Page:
The Benaki Museum collection of Islamic art, which includes examples of all its local variations from as far as India, Persia, Mesopotamia, Asia Minor,
the Middle East, Arabia, Egypt, North Africa, Sicily and Spain, ranks among the most important in the world.
The evolution of Islamic civilisation from the first appearance of Islam up to the Ottoman period and the corresponding development of Islamic art up to the
19th century are demonstrated by more than 8,000 works of art, including ceramics, gold, metalwork, textiles and glass, smaller groupings of bone objects,
inscribed funerary steles and weaponry, as well as the marble-faced interior of a reception room from a 17th-century Cairo mansion.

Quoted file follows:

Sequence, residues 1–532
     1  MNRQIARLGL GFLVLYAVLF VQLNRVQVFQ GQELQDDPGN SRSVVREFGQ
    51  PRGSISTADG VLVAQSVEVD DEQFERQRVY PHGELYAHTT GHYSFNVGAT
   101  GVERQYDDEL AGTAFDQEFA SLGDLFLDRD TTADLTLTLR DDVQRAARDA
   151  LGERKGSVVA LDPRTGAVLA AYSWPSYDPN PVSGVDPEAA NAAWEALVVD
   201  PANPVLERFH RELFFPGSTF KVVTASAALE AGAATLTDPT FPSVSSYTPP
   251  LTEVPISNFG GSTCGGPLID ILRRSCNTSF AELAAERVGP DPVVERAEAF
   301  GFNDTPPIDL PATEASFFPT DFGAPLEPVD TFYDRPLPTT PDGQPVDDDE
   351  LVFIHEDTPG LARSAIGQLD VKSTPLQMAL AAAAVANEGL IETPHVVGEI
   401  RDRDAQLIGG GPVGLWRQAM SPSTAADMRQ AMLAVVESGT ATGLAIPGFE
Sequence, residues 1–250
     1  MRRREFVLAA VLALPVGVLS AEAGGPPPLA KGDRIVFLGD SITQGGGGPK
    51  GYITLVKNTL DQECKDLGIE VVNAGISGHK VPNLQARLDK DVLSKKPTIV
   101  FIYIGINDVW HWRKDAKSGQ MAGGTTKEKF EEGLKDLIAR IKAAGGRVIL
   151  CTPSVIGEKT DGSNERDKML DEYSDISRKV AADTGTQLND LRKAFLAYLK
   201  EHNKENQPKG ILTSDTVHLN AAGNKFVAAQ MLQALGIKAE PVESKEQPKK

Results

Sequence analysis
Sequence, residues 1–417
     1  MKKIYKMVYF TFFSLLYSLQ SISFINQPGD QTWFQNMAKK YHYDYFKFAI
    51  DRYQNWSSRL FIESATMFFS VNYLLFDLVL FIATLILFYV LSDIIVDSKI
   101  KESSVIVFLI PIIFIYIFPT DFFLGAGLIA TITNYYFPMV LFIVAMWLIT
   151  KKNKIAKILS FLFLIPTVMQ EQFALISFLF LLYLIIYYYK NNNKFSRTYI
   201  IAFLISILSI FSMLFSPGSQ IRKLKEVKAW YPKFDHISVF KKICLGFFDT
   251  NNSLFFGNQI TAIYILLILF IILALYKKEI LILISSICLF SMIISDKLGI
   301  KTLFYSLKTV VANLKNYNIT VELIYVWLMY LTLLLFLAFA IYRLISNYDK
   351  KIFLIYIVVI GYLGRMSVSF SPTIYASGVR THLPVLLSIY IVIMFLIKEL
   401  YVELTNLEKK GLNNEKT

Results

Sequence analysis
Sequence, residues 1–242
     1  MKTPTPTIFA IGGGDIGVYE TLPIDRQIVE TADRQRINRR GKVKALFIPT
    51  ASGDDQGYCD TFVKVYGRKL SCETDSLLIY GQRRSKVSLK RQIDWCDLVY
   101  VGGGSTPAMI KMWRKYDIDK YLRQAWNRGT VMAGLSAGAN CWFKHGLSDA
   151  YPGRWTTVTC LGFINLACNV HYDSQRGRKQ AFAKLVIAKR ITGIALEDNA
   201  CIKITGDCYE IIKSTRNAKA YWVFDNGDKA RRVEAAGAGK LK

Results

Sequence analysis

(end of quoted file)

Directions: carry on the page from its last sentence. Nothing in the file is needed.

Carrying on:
Antonis Benakis initially started collecting in Egypt at the beginning of the 20th century. At the same time many similar collections were created
in Europe and America, which, in many cases, complement the Benaki Museum collection.
The two carved wooden memorial door panels from 8th century Mesopotamia rank amongst the more important objects in the collection, as do the unique
reed wat from 10th -century Tiberias, the small brass box bearing the signature of Ismail ibn al-Ward al-Mausili dated 1200, the bronze astrolabe of
Ahmad ibn al-Sarraj dated 1328/29, and the famous 16th century velvet saddle from Bursa.
The Islamic Art collections are exhibited in the Museum of Islamic Art, housed in the neo-classical building complex
that was donated by Lambros Eftaxias. It is located in the historic centre of Athens, near the ancient Kerameikos cemetery.